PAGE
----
Mike:    Well super. Thanks for that background and introduction. Where are you located this morning? Where are you at? I’m seeing your screen here through Teams, that’s how we’re recording this. Just curious where are you at geographically?

Sam:   So I guess I could be anywhere with this trippy purple background I’ve got going on here. This is our home office. My wife and our 18 month daughter and myself, we moved to Bucks County, Pennsylvania in June. It was originally supposed to be a research and development trip and a dairy farm apprenticeship for our next movie, which we’re hoping is going to be about dairy farming. Due to the pandemic, I don’t know when I can make another film. It’s gotten very prohibitively expensive and very difficult for obvious reasons, but also we left New York City which had been our home—well my home for almost my entire life outside of my time in university. My wife had been, I think, in that same apartment for over 10 years. When the pandemic began, we moved in with some family in Long Island. We said you know we like this whole idea of learning more about agriculture and farming, and we want to give our daughter some wide open space to run around. Why don’t we rip off the band aid and move somewhere else? So I’m calling you from a fairly woodsy wide open beautiful part of America here in eastern Pennsylvania.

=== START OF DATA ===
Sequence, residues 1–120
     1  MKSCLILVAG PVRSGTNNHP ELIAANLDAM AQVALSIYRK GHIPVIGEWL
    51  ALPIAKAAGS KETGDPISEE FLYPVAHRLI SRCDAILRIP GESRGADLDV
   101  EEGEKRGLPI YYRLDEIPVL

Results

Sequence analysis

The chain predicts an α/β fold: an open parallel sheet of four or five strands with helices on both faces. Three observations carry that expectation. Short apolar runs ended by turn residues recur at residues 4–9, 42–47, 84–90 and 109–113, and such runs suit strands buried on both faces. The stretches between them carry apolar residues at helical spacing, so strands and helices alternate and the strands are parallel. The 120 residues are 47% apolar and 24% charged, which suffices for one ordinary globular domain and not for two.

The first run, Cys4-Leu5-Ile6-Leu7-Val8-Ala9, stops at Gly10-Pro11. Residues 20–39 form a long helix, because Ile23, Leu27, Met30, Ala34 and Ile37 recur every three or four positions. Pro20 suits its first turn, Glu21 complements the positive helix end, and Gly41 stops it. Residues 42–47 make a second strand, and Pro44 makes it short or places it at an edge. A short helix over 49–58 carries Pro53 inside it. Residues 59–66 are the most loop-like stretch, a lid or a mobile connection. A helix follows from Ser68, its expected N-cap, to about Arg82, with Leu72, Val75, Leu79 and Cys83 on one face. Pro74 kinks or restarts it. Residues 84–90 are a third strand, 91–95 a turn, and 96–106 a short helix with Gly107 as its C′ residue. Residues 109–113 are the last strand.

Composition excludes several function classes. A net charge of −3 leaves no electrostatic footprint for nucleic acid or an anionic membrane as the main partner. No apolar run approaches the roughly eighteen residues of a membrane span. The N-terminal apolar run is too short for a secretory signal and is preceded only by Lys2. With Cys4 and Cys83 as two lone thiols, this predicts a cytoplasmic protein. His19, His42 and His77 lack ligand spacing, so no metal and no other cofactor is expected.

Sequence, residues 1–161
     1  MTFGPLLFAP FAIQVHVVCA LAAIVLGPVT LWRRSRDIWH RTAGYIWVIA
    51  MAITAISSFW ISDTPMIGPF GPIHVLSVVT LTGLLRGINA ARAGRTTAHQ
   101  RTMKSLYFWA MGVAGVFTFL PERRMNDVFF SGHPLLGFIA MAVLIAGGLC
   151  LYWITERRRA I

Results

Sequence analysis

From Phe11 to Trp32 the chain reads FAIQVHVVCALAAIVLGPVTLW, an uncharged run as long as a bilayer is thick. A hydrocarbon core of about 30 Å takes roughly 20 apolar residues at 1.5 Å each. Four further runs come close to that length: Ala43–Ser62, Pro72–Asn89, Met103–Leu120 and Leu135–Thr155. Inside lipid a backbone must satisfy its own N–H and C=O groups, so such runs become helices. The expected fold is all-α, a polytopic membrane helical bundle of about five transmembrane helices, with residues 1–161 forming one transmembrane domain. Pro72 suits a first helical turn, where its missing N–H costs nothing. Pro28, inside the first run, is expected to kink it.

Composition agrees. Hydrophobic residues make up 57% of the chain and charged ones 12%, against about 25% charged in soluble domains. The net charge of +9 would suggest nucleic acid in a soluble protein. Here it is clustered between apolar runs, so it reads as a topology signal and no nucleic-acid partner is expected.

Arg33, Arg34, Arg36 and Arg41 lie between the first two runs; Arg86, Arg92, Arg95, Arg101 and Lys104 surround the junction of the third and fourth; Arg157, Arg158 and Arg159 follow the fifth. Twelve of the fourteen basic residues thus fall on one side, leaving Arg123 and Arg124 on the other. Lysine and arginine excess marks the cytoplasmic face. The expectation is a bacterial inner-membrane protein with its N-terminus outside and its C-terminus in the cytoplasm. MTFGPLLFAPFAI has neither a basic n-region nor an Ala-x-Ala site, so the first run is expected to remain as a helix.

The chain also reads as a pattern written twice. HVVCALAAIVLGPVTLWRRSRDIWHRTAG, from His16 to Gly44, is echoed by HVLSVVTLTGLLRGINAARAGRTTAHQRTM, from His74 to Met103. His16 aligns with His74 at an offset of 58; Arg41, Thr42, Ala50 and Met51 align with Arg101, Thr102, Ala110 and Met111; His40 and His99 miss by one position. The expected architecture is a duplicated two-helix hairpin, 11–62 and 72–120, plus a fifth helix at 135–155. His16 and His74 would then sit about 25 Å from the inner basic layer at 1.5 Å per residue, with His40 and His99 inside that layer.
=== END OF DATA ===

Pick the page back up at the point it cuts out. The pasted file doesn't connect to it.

Mike:   All right. Well, I had never heard of Bucks County, Pennsylvania before this interview. So what is Bucks County known for? Anything?

Sam:   It’s known for a few things. I think it’s known for a lot of agriculture, especially in the northern part of the county. I think there’s over 500,000 people. So a pretty big county here in PA. In the lower and middle parts of the county, there’s a very famous playhouse called the Bucks County Playhouse for regional theater. Very well known, very well reputed. A lot of artists live here, and then a lot of people who grew up here and are horse farmers or produce or corn and soy. It’s sort of a real melting pot here in Bucks County. People interested in different parts of ag and also arts and culture. There’s a wonderful ag university here called Del Val University. We’re here in the Delaware Valley. So there’s a lot going on. It’s exciting. We’re only a few months in and obviously haven’t been able to socialize like we usually would. I’m excited. We’re recording this in October. At the end of the month, we’re doing a drive in movie screening of Silo to raise money for the volunteer fire department here in Delaware Valley. So that will be a pretty cool way to get the movie out there and maybe help them raise some money because they’ve been hamstrung by COVID-19 as so many of us have been. So yeah. Bucks County. I’ve heard of it, but I didn’t know I’d end up living here but I’m happy that I am, at least for now.

Mike:   So that’s cool. That’s cool. So you mentioned that you heard about this idea of grain entrapments. How did you connect with—I think you mentioned it was a gentleman in Tennessee who had this vision? How do you connect?